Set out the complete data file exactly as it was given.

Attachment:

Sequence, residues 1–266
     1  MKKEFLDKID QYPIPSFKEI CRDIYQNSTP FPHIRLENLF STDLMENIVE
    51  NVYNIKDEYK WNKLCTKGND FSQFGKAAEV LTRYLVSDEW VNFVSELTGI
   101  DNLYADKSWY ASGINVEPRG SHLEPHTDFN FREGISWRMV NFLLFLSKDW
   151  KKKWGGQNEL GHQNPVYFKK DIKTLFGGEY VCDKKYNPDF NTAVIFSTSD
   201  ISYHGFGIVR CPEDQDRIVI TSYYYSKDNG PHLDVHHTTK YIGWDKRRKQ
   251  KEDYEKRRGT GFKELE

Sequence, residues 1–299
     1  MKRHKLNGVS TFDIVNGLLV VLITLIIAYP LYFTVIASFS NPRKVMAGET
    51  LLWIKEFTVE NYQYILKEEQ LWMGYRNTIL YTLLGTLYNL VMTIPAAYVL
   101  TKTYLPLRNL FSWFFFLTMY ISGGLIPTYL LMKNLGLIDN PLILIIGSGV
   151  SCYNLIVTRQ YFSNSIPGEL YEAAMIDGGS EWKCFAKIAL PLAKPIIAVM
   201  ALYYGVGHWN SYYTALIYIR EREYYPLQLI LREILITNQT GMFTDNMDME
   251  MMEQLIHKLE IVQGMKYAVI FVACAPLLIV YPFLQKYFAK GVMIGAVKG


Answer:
Sequence, residues 1–266
     1  MKKEFLDKID QYPIPSFKEI CRDIYQNSTP FPHIRLENLF STDLMENIVE
    51  NVYNIKDEYK WNKLCTKGND FSQFGKAAEV LTRYLVSDEW VNFVSELTGI
   101  DNLYADKSWY ASGINVEPRG SHLEPHTDFN FREGISWRMV NFLLFLSKDW
   151  KKKWGGQNEL GHQNPVYFKK DIKTLFGGEY VCDKKYNPDF NTAVIFSTSD
   201  ISYHGFGIVR CPEDQDRIVI TSYYYSKDNG PHLDVHHTTK YIGWDKRRKQ
   251  KEDYEKRRGT GFKELE

Sequence, residues 1–299
     1  MKRHKLNGVS TFDIVNGLLV VLITLIIAYP LYFTVIASFS NPRKVMAGET
    51  LLWIKEFTVE NYQYILKEEQ LWMGYRNTIL YTLLGTLYNL VMTIPAAYVL
   101  TKTYLPLRNL FSWFFFLTMY ISGGLIPTYL LMKNLGLIDN PLILIIGSGV
   151  SCYNLIVTRQ YFSNSIPGEL YEAAMIDGGS EWKCFAKIAL PLAKPIIAVM
   201  ALYYGVGHWN SYYTALIYIR EREYYPLQLI LREILITNQT GMFTDNMDME
   251  MMEQLIHKLE IVQGMKYAVI FVACAPLLIV YPFLQKYFAK GVMIGAVKG